Though Maine isn’t set to vote on recreational marijuana legalization until November, city officials in the state’s capital want to hit the ground running logistically. Bangor leadership is studying best practices from legalized states around the country to hammer out any restrictions or guidelines that would need to be put in place come November; the Bangor City Council hopes to gain valuable insight into which regulations are effective and which are not.
“We’re not taking a position on the referendum itself, and we have no intentions of doing so,” cautioned Councilor Joe Baldacci.
In a city council meeting Tuesday night, Councilor Josh Plourde made it clear that Bangor didn’t intend to ban the sale or cultivation of cannabis, which would be an available option at the city level under the proposed new statewide initiative. “If our goal were to limit access by becoming a ‘dry town,’ so to say, it’s very easy to drive to Brewer or Hampden to make purchases,” which would render a ban on sales in Bangor useless, Plourde explained. Rather, there’s likely a set of regulations the city can put in place to ensure a safe, effective, and thriving market, which would please all sides involved.
According to “Question 1” on Maine’s upcoming ballot, Maine cities and towns would be prohibited from banning “cultivation of marijuana on a limited scale in a personal residence.” What the council must decide is how it plans to regulate where marijuana businesses can operate, and what they can put on their shelves. For example, New York patients cannot legally obtain flower while Oregon outright banned edibles for recreational use.
Bangor City Council Chairman Sean Faircloth explained that the city is doing its due diligence to ensure optimal safety for their constituents, which could mean outlawing products like medicated candy gummies that could potentially attract children. Here are some possible ordinances Bangor may consider, according to their outline:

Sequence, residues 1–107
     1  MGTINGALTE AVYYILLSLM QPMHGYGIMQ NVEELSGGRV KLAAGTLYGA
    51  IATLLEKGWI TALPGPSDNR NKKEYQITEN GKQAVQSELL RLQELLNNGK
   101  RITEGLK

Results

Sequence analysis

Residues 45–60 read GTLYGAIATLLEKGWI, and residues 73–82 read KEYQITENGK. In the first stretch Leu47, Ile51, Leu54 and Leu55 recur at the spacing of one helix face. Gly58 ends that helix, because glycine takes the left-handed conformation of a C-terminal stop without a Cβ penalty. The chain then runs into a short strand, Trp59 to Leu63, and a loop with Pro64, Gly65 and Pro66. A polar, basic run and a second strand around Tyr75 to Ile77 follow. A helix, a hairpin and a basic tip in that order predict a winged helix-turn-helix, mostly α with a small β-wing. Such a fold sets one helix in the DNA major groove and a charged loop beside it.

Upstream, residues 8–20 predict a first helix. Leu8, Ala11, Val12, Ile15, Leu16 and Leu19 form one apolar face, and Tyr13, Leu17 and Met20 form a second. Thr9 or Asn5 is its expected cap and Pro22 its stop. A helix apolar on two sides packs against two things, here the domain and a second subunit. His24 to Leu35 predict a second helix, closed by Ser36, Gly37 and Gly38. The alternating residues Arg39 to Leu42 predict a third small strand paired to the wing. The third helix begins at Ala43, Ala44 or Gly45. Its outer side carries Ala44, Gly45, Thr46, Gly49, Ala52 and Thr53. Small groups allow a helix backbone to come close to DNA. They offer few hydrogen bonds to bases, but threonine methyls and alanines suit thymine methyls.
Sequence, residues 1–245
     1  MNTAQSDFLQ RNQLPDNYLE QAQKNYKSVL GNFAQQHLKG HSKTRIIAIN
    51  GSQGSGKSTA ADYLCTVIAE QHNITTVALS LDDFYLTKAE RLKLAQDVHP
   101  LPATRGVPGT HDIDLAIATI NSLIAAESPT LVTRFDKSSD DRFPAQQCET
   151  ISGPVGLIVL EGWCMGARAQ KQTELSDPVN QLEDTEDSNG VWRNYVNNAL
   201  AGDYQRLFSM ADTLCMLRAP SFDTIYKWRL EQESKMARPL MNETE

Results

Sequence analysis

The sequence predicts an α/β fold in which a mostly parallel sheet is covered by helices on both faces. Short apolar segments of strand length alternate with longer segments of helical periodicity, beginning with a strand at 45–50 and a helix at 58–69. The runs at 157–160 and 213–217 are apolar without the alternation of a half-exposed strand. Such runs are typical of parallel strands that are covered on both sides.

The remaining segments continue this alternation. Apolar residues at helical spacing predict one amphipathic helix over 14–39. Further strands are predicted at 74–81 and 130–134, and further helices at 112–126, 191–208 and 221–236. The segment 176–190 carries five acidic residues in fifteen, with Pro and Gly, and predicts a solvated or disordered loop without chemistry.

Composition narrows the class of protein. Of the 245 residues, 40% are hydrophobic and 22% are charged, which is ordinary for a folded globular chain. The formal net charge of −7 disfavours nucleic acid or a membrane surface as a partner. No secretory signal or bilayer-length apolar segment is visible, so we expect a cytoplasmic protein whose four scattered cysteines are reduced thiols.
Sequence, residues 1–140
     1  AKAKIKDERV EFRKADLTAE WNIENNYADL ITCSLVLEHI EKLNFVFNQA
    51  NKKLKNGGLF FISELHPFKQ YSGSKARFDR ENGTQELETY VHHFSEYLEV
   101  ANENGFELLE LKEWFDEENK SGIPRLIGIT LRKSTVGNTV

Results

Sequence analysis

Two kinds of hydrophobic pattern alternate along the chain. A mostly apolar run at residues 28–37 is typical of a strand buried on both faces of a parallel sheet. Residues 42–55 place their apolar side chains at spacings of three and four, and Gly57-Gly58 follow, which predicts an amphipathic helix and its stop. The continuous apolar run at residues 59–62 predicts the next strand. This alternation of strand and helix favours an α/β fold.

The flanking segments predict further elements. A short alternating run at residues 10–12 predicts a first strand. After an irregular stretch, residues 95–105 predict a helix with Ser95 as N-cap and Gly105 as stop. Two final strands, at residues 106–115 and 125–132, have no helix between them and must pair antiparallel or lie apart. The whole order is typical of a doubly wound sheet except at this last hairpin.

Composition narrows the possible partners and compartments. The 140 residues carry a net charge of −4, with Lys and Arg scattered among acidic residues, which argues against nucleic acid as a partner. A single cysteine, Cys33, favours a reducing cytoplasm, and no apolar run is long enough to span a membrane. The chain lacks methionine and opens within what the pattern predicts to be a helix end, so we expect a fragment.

- An ordinance banning marijuana establishments, including stores, cultivation facilities, and social clubs.
- An ordinance allowing cultivation facilities in industrial zones, with accessory retail stores, but otherwise banning retail stores, and banning social clubs.
- An odor ordinance. The Attorney General’s Office recommends regulating all objectionable odors, not just marijuana, to survive a legal challenge.
Local business owners who want to join in on the “green rush” hope that the city doesn’t banish marijuana-related outfits to a remote part of the city such as a well-hidden industrial park, as municipalities have done in other states.
“I want these potential businesses to be viewed as an opportunity rather than something that’s going to be a massive negative,” said a hopeful Chris Ruhlin, who owns Herbal Tea and Tobacco in downtown Bangor. Ruhlin also operates the medical marijuana club next door to Herbal and is urging the city to look at his business and others just as they would a bar or any other alcohol-distributing establishment. Ruhlin argued to city officials that technically, according to data he provided, alcohol represented a far greater public health risk than cannabis and should be treated accordingly.
Now, the city council must decide when and where to install the new ordinances, however, leadership has been vocal about waiting to see what happens with the November vote. According to Weedmaps, there are currently four dispensary storefronts in Bangor and one delivery service. Find more info, including reviews on each shop, here.